Saturday, July 30, 2011

The Myth of Alzheimers

The Myth of Alzheimers: What You Aren't Being Told About Today's Most Dreaded Diagnosis
Peter J. Whitehouse, M.D., Ph.D, with Daniel George, M.Sc.
St. Martin's Griffin, New York, 2008

Peter J. Whitehouse is a respected neurologist with over 30 years experience in the relevant field.

The Website for the book. 

Amazon Link.

This text takes a courageous stand. I appreciate the central thrust of their argument but also believe they have somewhat overstated their case. Nonetheless this text offers some valuable insights into what is wrong with so much media reporting about dementia and helps us understand why the concept of a cure of alzheimer's is predicated upon faulty assumptions concerning the causes and nature of the condition.

It is pleasing to note that the authors are quite upfront and acknowledge that loss of cognitive function is inevitable with age. There is far too much nonsense out there which purports to provide strategies so that we can have a timeless mind that does not age. Such claims are errant nonsense peddled by the either the naive or dishonest who are more interested in selling books than being honest to the truth about aging. My typical response to people who make such claims is this:

You say you can halt brain aging. Tell me, could you run as fast as when you were 20 years old? Can you recover from sleep deprivation or a night out partying as quickly as when you were 20 years old? The brain is the most vulnerable organ in our bodies yet you expect me to believe that  with your greying and receding hair, your reading glasses, your creaking joints and liver spots, your spider veins and botox manipulated forehead, you have managed to protect your brain from the effects of aging. I suggest that to entertain such a fallacy is evidence to the contrary.

Saturday, July 16, 2011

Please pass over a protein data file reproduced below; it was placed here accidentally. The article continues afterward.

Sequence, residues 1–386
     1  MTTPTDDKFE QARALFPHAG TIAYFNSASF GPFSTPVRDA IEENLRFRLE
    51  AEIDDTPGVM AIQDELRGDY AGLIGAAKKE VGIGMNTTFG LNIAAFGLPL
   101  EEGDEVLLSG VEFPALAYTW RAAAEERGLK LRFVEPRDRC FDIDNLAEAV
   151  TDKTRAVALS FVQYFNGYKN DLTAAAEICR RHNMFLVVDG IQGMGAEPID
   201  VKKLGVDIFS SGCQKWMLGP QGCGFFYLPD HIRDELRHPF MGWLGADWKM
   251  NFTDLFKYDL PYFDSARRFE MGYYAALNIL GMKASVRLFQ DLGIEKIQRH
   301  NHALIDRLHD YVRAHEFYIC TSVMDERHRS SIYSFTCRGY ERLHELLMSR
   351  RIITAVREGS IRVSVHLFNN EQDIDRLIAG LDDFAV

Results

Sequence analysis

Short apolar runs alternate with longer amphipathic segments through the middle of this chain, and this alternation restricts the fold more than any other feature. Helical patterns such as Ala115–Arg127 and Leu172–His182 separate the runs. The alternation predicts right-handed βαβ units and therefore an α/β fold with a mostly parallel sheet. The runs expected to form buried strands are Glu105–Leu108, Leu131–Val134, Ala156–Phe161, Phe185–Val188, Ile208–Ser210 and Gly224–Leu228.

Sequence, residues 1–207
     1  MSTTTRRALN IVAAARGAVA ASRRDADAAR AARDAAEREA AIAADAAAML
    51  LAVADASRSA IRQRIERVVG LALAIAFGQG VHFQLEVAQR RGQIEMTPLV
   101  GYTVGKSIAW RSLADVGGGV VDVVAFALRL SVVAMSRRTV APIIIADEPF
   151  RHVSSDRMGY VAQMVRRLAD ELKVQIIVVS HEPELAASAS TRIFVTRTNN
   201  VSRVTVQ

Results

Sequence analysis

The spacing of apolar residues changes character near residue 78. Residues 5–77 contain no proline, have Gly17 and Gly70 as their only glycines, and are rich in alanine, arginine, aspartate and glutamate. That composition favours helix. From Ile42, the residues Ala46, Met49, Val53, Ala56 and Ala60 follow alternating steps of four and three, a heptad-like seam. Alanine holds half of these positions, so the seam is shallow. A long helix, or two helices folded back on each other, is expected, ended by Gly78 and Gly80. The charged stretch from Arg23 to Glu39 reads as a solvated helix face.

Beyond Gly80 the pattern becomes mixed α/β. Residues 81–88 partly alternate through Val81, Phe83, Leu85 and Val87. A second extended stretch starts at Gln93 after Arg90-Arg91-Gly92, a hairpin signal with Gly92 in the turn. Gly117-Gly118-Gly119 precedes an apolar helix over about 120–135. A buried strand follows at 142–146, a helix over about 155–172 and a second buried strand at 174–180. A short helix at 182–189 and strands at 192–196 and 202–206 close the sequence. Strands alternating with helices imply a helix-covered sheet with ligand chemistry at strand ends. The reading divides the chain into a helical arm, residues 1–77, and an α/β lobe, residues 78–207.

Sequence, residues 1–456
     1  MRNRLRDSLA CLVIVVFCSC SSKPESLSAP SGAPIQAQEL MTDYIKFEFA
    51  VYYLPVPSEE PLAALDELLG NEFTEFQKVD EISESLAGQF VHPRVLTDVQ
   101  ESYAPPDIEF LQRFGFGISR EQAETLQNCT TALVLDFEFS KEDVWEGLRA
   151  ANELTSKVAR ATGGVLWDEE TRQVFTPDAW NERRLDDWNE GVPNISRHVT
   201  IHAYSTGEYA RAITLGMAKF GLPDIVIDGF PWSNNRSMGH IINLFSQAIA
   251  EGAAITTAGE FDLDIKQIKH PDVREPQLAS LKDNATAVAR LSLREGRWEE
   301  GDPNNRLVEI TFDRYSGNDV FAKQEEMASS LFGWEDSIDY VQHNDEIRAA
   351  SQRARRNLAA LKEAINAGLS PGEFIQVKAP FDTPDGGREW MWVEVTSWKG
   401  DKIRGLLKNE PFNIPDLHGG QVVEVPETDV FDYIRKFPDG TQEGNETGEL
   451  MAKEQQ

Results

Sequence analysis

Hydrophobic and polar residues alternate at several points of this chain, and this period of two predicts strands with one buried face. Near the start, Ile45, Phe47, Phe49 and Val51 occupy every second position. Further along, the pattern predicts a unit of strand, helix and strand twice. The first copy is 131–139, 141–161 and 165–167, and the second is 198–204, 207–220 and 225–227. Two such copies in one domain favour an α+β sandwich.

Typing Away Our Memories?

"I think [technology] might hurt the type of memorization that we usually think about, like remembering the name of an actress, but I think there might be some benefits, too," said study author Betsy Sparrow, an assistant professor in the department of psychology at Columbia University in New York City. ...

Yes, that is true. Remember that fairy tale that human memory is infinite? I used to laugh at that because it was obvious to me that my memory was anything but infinite. So in my early 20's I set about learning as much as I could about memory and devised a simple memorisation system that must have been effective because many people comment on the strength of my memory. My typical response is anyone can have a good memory they just need to know the tricks. That isn't really true. I was fortunate in that I inherited a good memory ability and then built on that. Nonetheless all of us need to think about the implications of relying *too much* on modern technology as an information storage utility.

Friday, July 15, 2011

Pregnant Arab Women often have very poor Vitamin D status

I had long speculated about the impact of completely covering the skin on vitamin D production. This study highlights the risk to pregnant Arabian women. If you are someone who doesn't receive daily sunlight exposure it is absolutely critical to take charge of your vitamin D status. Foods will not be sufficient, you will need supplementation.